At the other end of the spectrum, Jeep and Ford tied for the lowest score (50). Jeep has a mix of spotty reliability and mediocre road-test results. While a number of recent Ford models are very nice to drive and earn solid test scores, the brand continues to have reliability problems, especially with its MyFord Touch system. Three other Detroit brands, Dodge, Cadillac and Chevrolet round out the bottom five.
The top Domestic makes—Buick, GMC and Chrysler—scored mid-pack. Last year’s leading U.S. brand, Cadillac, ran into similar problems as Ford with its CUE system, but it didn’t affect a wide swath of cars. Cadillac dropped six places after replacing its large DTS with the XTS and introducing the small ATS. The redesigned CTS sports sedan is engaging to drive, but a tight rear seat and trunk and complicated controls hurt its road-test score. GM has recently revamped most of its cars and pickups, and the redesigned Impala and Silverado impressed Consumer Reports in tests, boosting Chevy’s average road test score.
South Korean brands Hyundai and Kia rank in the lower third, between the best American brands and the stragglers. A bargain alternative, Consumer Reports finds Hyundai builds good cars that are well-rounded and comfortable, with good fuel economy. But Hyundai’s average reliability lowered the brand’s overall score. Like its sister brand, Kia builds well-rounded, functional models that rapidly improve with every redesign.
This year Consumer Reports doesn’t have report cards for Fiat, Jaguar, Land Rover, Lincoln, Mini, Mitsubishi, Porsche, Ram, Scion, Smart, and Tesla because either the organization has too few currently tested models from those makes or it lacked sufficient reliability data to make a valid determination. Ratings on individual models from those makers are available at www.ConsumerReports.org.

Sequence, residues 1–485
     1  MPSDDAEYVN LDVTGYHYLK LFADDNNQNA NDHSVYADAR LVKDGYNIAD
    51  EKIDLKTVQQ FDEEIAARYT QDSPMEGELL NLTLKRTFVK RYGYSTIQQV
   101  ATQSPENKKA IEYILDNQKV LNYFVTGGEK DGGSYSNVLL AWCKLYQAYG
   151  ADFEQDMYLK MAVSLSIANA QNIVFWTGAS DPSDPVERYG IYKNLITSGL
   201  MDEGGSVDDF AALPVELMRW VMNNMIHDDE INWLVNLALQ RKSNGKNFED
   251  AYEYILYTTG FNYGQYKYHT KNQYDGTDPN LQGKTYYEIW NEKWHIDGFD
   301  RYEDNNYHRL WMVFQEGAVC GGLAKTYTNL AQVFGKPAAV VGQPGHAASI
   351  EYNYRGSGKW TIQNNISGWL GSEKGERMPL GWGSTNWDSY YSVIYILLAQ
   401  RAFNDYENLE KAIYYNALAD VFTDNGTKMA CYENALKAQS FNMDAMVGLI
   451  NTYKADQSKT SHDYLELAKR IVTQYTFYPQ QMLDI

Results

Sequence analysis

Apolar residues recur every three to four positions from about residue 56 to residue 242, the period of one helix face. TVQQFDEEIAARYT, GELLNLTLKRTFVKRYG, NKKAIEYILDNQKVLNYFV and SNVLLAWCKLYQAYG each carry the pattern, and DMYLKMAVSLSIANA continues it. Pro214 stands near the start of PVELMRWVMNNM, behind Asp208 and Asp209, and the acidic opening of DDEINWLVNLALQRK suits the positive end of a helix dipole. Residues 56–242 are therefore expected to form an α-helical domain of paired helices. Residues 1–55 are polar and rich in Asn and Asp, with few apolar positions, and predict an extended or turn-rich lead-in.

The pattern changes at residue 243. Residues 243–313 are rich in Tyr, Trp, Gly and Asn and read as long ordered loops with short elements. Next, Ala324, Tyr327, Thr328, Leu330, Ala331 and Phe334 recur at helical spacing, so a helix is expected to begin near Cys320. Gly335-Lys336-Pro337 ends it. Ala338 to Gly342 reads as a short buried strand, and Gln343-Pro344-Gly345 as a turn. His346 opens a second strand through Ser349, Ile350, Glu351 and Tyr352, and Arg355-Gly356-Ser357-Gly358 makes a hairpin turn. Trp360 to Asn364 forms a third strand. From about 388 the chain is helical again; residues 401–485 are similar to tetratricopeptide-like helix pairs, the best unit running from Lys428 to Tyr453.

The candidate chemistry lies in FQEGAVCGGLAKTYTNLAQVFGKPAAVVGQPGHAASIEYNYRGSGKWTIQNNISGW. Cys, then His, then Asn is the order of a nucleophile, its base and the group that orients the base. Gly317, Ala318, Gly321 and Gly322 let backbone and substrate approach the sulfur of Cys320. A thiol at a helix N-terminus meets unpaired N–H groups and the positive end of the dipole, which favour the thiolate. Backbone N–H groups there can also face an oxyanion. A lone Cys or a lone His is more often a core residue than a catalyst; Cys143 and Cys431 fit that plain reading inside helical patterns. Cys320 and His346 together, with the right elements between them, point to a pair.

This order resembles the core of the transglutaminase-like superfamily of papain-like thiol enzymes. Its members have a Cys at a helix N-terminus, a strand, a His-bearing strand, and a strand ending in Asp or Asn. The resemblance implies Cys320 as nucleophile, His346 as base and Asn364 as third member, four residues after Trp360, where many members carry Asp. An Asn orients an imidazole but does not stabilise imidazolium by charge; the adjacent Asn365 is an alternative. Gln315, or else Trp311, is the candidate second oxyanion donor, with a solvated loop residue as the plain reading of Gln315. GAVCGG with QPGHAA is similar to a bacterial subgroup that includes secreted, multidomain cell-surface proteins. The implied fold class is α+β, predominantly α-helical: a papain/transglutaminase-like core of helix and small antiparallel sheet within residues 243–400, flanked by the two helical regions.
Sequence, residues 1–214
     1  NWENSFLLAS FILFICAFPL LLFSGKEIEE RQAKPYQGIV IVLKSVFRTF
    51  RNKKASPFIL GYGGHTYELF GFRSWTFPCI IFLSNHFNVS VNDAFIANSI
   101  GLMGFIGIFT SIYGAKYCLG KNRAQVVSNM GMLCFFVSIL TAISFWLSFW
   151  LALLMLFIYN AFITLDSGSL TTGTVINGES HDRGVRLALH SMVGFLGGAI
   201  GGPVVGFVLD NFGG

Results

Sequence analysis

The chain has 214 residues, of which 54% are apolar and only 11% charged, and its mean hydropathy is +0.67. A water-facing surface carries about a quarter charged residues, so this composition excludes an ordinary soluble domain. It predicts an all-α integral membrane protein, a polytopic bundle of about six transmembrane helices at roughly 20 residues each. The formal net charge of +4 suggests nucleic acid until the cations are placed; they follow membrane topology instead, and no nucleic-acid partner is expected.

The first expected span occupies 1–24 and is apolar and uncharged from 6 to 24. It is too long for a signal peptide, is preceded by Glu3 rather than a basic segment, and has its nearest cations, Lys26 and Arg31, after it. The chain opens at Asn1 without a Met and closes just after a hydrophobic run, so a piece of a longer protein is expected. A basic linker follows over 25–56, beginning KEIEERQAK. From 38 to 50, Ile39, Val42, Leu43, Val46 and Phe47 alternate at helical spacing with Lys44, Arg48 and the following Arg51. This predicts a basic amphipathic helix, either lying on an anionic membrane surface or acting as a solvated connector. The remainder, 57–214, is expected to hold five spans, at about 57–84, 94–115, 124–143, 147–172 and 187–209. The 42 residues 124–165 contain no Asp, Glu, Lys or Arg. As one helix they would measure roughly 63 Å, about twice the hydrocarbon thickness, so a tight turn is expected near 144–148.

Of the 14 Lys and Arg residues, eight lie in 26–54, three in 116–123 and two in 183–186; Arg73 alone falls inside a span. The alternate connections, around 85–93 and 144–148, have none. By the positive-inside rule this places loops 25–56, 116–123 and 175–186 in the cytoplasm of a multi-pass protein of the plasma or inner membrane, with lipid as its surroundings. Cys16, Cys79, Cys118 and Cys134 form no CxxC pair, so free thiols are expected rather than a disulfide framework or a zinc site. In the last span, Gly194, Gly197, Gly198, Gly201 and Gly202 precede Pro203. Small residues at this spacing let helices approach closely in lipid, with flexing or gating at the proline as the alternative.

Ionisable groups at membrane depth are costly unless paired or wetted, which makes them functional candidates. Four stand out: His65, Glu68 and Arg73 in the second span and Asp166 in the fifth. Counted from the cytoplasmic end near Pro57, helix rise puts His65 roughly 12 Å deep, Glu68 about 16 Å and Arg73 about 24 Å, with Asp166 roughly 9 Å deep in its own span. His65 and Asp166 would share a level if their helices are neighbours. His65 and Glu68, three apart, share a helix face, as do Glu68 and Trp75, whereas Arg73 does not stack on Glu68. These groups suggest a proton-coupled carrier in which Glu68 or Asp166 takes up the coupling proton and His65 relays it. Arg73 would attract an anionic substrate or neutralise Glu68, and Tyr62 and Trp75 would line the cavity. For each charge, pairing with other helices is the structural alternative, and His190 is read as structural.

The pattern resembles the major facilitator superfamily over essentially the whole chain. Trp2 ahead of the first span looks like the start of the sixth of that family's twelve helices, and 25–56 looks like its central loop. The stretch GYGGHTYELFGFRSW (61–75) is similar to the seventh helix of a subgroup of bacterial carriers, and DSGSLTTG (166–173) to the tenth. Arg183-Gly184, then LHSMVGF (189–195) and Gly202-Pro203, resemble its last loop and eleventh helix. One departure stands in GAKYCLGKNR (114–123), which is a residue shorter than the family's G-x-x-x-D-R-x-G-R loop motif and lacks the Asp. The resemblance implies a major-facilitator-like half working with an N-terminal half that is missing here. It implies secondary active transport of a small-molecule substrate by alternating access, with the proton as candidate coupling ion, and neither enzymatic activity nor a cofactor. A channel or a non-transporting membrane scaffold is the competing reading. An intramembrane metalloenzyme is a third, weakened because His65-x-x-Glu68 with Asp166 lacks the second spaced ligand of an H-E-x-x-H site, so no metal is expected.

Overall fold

The complete report and scores for all 23 brands in Consumer Reports Car Brand Report Cards for 2014 is available in the annual auto issue of Consumer Reports and at the 2014 Autos Spotlight on www.ConsumerReports.org starting February 25, 2014. Updated daily, ConsumerReports.org is the go-to Website for the latest auto reviews, product news, blogs on breaking news and car buying information. Check out CR’s ongoing Twitter feed at @CRCars.
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Consumer Reports is the world’s largest independent product-testing organization. Using its more than 50 labs, auto test center, and survey research center, the nonprofit rates thousands of products and services annually. Founded in 1936, Consumer Reports has over 8 million subscribers to its magazine, Website and other publications. Its advocacy division, Consumers Union, works for health reform, food and product safety, financial reform, and other consumer issues in Washington, D.C., the states, and in the marketplace.